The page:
Computer Aided Design (CAD) software is now the default tool for drawing perfectly rendered objects on a computer screen, which are then transferred to a manufacturer to make the actual part. But there’s a danger in thinking that anything that can be designed can just as easily be made. Software programs are capable of drawing dimensions that are far more accurate and exacting than can be achieved by machine tools and materials in the real world. But what do we mean by words like “accuracy” and “precision” when we’re talking about how parts are made and how closely they come to the ideal generated on the computer?
To clear up any confusion about terminology, we want to clarify what accuracy, precision and tolerance mean. Then we can transform this knowledge into practical advice which will help your designs go from the computer to the factory floor more quickly, easily and with better results.
Accuracy: Degree of Conformance to a Known Standard or Value
The international standard for length is the meter, and its value is a universal one based on the distance that a beam of light travels in a certain fixed period of time. So, accuracy is the degree to which a measurement or movement in space conforms to a systematic standard or one of its derivatives – typically the millimeter or micron for metric measurements.
Thus, when a CNC machine tool is touted as being highly accurate, this means that if it’s programmed to cut a piece of metal 40mm long, then the machine actually does that. The more accurate it is, the closer it gets to exactly 40mm, with no error.
Useful information: More accurate is not necessarily better for many applications. Achieving ever greater degrees of accuracy costs time and money for diminishing returns. In addition, getting high accuracy in one area of a design often requires sacrificing accuracy elsewhere. But rest assured that modern CNC cutting tools are reliably accurate for the vast majority of projects.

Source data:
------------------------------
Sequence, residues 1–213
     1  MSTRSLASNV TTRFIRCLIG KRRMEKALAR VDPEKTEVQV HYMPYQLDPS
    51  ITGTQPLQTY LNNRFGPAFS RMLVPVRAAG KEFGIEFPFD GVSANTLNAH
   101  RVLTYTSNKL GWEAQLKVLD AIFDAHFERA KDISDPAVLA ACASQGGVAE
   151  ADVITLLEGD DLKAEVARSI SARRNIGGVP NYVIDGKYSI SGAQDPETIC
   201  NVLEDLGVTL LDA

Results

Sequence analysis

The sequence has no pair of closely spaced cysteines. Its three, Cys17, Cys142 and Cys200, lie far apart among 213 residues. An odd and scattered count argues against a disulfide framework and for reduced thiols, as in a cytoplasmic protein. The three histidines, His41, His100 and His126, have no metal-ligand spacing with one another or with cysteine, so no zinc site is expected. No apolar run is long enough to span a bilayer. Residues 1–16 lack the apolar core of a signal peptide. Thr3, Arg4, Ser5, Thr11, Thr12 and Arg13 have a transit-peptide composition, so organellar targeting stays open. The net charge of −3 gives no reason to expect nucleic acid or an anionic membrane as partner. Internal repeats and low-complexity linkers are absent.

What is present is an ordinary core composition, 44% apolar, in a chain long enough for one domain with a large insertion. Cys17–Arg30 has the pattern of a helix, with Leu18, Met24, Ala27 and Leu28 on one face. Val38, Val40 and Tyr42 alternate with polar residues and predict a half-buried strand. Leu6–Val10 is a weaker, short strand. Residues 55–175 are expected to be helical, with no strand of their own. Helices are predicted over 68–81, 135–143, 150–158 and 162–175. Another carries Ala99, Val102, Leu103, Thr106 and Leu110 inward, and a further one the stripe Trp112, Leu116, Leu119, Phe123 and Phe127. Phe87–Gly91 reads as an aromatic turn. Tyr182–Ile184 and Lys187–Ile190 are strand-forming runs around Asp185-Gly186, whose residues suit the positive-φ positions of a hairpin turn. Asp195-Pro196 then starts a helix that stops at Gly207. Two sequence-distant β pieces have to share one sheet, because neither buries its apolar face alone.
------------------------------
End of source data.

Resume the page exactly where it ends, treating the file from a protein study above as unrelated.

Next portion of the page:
Precision: Repeatability of a Measurement or Action Without Generating Random Errors
For CAD software, it’s safe to assume that design drawings are absolutely precise. They will reliably repeat any design feature with perfect fidelity as many times as you wish. This is one of the great labor-saving wonders of computer design.
In the factory, precision for a machine or process is the ability to repeat an action the same way every time with no introduced or random error. Precise machining, or precise workmanship, is a testament to controlling the process and not deviating – regardless of whatever the measurement or process may be. This is often confused with accuracy and indeed the two terms are casually used interchangeably. However precision refers more to repeatability.
Useful information: In this case, precision is in the hands of the manufacturer, and this is really the performance you’re looking for. It’s precision that ensures your product comes out the same way every time, which is one of the essential features we refer to as “quality” for volume production. How do we measure precision? By specifiying tolerance.
Tolerance: Allowable or Predictable Deviation From a Standard
All machine tools will have a degree of free play or vibration in them – they must, or else they would be frozen, inert blocks. The tolerance therefore specifies the deviation away from a known value, expressed as a “+/-” number. So, if we have a machine tool that claims a tolerance of “+/- 1 mm”, this means the tool will potentially introduce a deviation of one millimeter with every cut or pass. Could be an extra millimeter, or too short by a millimeter or some fraction thereof.
Useful information: What’s true for the machine tool is also true for your product. You don’t want parts to fit together too tightly, without clearance. This would mean they are immovable, or impossible to assemble. Different metals and plastics expand and contract with temperature and moisture, so good design means allowing for this natural movement. And draft angles are necessary when parts need to be removed from an injection mold tool. We will discuss with you the recommended tolerances on all critical dimensions for your project, which will depend greatly on material, manufacturing process and part geometry.
Taken together, this means that accurate work comes close to the standard, precise workmanship is reliably accurate over and over again, while tolerances are controlled to within a small, acceptable degree of variability from one part to another.
For more information on this subject, we have a Design For Manufacturing page which gives more tips and techniques to avoid the most common design errors. And this chart specifies the tolerances you can expect when working with many kinds of injection molding plastics. Want to know still more? Contact us today for a free quotation and design review.